19 Changing technology and work design Technological changes have always shaped the work environment, and every age seems to view new technology as creating greater disruption and dislocation than experienced in any previous era. However, the present wave of information-based technology change, and its associated impact on work and organizational design, is distinctive in how it makes duties and responsibilities of workers in many industries more fluid within the workplace (i.e., who is responsible for what activity) and between the once clear work/ home boundary. Changes in technology and work organization obviously have many implications for the regulation of workplace health and safety for an agency like OSHA. But they also raise difficult questions for WHD in (1) determining and tracking hours of work, when an increasing part of work in many jobs is done from home via computers, after the close of normal business; (2) determining and tracking hours worked for multiple employers that sometimes operate independently and other times operate under related business entities (such as thirdparty management companies); and (3) determining exemptions under the FLSA, particularly as they relate to supervisory and management activities of workers. Limits of Traditional Approaches to Enforcement Traditional enforcement approaches are based on investigations having two types of effects. First, an investigation changes the behavior (compliance) of the individual employer being investigated directly through the finding and correction of past violations. Back-wage findings are designed to restore wages owed to workers retrospectively. Civil monetary penalties for repeat or willful violators, and injunctive actions or settlement agreements are intended to ensure that employers comply in the future. Second, an investigation has deterrence effects on other employers who are making compliance decisions. Raising the probability of investigations which other employers may become aware of either through the communication efforts of the DOL or through their own communications with other employers in the same industry and/or geo- Mart uses outside contractors for some functions, but unlike GM, those functions might be to provide services that are core to business operations. Like GM, the company relies on an enormous network of suppliers for its core business, all of which are dependent on the corporation for a significant percentage of their business. Unlike GM, however, those relations are at once arms-length (i.e., they are suppliers of products to Wal-Mart and autonomous corporate entities, as opposed to the vertically-integrated or closely-held firms within GM s historic supplier structure) and yet operate under elaborate and stringently-enforced guidelines from the retailer that dictate everything, including logistics arrangements, product identification methods, packaging and marketing decisions, and methods of floor display. graphic region 12 increases the incentives for an employer to comply even absent an investigation. The potential of being assessed civil monetary penalties provides further incentives to comply if such penalties impose significant costs on employers. An investigation may also have deterrence effects when, after its completion, the DOL issues a press release that includes the violations found and penalties assessed a signal to all employers that they could also receive negative publicity for any violations found. Recovering back wages The primary recourse under the FLSA is recovery of back wages owed to workers for underpayments of minimum wage, overtime, or other statutory obligations. For many years, the WHD has been evaluated by external constituents and indeed has measured its own success primarily through amounts of back wages it recovers (in addition to overall numbers of cases concluded). The recovery of back wages is extremely important for workers the WHD is trying to protect. But given what we now know about preventing underpayment of wages in the first place, we argue that a focus on back wage recovery, while necessary, is no longer sufficient for a goal of sustainable improvement in FLSA compliance. Analysis that has been done for this study focuses exclusively on compliance with the minimum wage and overtime provisions of the FLSA. We do not analyze child labor or MSPA findings, for example; we have studied industry structures as they relate to compliance with minimum wage and overtime and isolated only those WHISARD cases that have reported FLSA findings (including FLSA findings of no violations. ) For the years 2003 to 2008, average back wages per investigation were $15, However, this average includes only those investigations in which monetary violations were found. If, on the other hand, we include all investigations concluded in this time period, average back wages found due were $8,838 per investigation. The large difference is explained by the relatively high percentage of investigations where no monetary or record-keeping (RK) violations of the FLSA were cited. We do not illustrate how average back wages per investigation has changed over time, as this measure can be easily skewed by a particularly large case in a given year. Rather, we show in Figure 1.5 the percentage of no violation cases: Between 2003 and 2008, about one-quarter (24.6 percent) of all investigations found no violations (i.e., no monetary or RK violations). 14 This 12. These could include communications with formal employer associations such as NFIB or the National Restaurant Association. 13. Cases registered fiscal years 2003 to 2008 and concluded by end of fiscal year Excludes conciliations. 14. Our estimation of no violation cases is a count of cases, excluding conciliations, with no back wage (minimum wage or overtime) and no record-keeping violations. Although it includes only those cases with FLSA as the registration act, it may include cases that had violations of the FLSA other than minimum wage Improving Workplace conditions through strategic Enforcement Section I David Weil, Boston University 11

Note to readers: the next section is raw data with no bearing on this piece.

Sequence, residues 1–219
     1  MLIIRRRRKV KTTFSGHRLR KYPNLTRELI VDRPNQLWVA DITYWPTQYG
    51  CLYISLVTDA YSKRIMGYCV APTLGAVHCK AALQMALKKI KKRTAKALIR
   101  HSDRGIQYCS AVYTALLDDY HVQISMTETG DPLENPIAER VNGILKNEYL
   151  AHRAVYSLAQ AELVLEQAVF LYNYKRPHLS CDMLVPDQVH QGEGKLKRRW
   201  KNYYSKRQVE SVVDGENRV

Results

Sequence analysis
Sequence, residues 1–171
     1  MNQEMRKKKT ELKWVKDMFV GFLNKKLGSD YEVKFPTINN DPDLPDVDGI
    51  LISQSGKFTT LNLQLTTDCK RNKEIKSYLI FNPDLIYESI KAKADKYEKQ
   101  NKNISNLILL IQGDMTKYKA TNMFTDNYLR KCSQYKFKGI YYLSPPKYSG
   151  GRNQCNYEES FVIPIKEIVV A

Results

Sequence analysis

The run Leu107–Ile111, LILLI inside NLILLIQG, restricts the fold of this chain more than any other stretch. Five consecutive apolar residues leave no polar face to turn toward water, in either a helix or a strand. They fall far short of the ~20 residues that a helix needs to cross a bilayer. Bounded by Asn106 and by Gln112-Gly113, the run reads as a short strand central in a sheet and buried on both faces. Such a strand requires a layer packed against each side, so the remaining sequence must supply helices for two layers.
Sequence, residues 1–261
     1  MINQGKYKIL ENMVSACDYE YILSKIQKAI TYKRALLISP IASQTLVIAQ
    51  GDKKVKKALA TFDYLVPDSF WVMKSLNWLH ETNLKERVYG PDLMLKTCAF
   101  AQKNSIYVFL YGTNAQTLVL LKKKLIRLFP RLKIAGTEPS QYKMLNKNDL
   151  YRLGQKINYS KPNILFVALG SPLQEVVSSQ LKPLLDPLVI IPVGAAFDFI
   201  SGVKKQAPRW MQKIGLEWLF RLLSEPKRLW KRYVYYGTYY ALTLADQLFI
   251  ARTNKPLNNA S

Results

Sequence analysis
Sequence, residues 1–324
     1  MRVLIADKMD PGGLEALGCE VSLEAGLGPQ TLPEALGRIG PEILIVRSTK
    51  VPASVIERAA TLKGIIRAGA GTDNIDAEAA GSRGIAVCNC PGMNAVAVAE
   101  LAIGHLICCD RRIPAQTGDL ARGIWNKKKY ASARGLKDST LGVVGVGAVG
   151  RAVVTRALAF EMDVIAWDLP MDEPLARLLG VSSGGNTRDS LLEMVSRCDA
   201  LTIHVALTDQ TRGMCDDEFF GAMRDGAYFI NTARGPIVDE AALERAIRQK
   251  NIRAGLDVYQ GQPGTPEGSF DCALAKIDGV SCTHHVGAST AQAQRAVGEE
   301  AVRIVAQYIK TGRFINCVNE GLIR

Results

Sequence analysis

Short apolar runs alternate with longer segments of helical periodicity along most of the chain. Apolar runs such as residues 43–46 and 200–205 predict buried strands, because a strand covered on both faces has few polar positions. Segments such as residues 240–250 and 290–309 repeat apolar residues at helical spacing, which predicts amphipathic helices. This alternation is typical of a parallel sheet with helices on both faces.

20 calculation is very close to the way the WHD characterizes and counts no violation cases. 15 The average of 24.6 percent reflects a decrease in the percentage of no violations cases over time from 28.9 percent in 2003, to 20.5 percent in 2008, which is a positive trend. The percentage of no violations cases differs dramatically across investigation types: While an average of 20.7 percent of complaint cases find no monetary or RK violations, almost one-third (30.7 percent) of directed investigations find no monetary or RK violations of the FLSA. One important factor that helps explain these differences is the different ways that the two types of investigations are triggered. Investigations that result from worker complaints are much more likely to find violations than directed investigations because of two pre-screening processes. First, a worker has stepped forward, often in the face of reasonable fears of repercussions for taking such actions, because of a perception that his or or overtime, e.g., those related exclusively to child labor. The modest difference between our estimate of no violation cases and WHD s estimate is likely attributable to the fact that we have not isolated and excluded those cases with CL but no back wage or RK violations. 15. There are other ways of characterizing no violation cases, however. Another way of thinking about no violation cases is to look at those cases that were found to have zero back wages due workers (i.e., they might have had only record-keeping violations). If we isolate those investigations registered under the FLSA with no back wage violations, we find that 31.4 percent of investigations find zero back wages due workers, instead of 24.6 percent cited above. If we break down these investigations between complaint and directed, we find that 25.8 percent of complaint cases and 40.3 percent of directed cases found no back wages due. her rights have been violated. Second, the WHD has decided, through its intake process, that the claim is of significant enough nature to warrant a visit by an investigator rather than resolution by conciliation, typically a phone call. 16 Although directed investigations often target sectors or areas where there is a belief significant violations are present, the targeting of individual workplaces within that sector or area typically benefits from less information certainly less information than WHD has for a typical complaint investigation, before which investigators have discussed certain details of the workplace and alleged violation(s) with complainants. As a result, investigators face a higher chance that any given directed investigation will not yield back wage findings. However, it is also true that for those investigations where violations are found, average back wages per directed investigation are far higher than in comparable complaint-based investigations. 17 A narrow reading of Figure 1.5 would be that directed investigations are less desirable because of the lower chance of finding back wages, implying that the overall predominance of complaint investigations serves WHD s larger aims. As 16. Between 1998 and 2008, about 55 percent of complaint investigations were handled through conciliations. These cases were often last paycheck disputes involving individual workers. 17. For example, among those cases with back wage violations, the average back wage finding for a complaint investigation in the period was $5,615, versus $18,025 for a directed investigation. Even after excluding conciliations, directed investigations found, on average, $4,608 more in back wages than complaint investigations. FIGURE 1.5 Percentage of No-Violation Cases, Share of all cases (Percent) Fiscal Year Registered Total All Cases Complaint Cases Directed Cases Source: WHISARD data. Includes cases registered fiscal years 2003 to 2008 and closed by end of FY2009. Includes cases with FLSA as registration act and with no back wage or RK violations. Excludes conciliations. Improving Workplace conditions through strategic Enforcement Section I David Weil, Boston University 12